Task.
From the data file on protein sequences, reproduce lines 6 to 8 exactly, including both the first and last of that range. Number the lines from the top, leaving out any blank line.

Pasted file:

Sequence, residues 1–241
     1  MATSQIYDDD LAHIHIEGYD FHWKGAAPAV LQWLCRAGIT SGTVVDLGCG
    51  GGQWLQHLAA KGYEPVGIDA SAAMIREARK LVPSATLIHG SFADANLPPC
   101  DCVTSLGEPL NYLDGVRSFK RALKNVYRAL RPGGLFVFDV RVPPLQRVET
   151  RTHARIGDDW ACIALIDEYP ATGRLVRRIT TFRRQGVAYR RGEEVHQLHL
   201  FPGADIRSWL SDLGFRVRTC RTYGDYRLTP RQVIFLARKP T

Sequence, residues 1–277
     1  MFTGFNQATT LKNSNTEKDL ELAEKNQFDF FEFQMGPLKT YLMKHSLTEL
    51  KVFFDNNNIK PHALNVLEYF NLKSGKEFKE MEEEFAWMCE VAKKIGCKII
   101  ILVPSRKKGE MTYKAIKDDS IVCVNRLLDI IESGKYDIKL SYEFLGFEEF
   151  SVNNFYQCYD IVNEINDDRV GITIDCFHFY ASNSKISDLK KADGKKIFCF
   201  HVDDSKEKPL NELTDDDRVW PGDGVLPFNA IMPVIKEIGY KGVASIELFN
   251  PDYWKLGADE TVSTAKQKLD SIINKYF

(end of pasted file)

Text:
   201  FPGADIRSWL SDLGFRVRTC RTYGDYRLTP RQVIFLARKP T

Sequence, residues 1–277
     1  MFTGFNQATT LKNSNTEKDL ELAEKNQFDF FEFQMGPLKT YLMKHSLTEL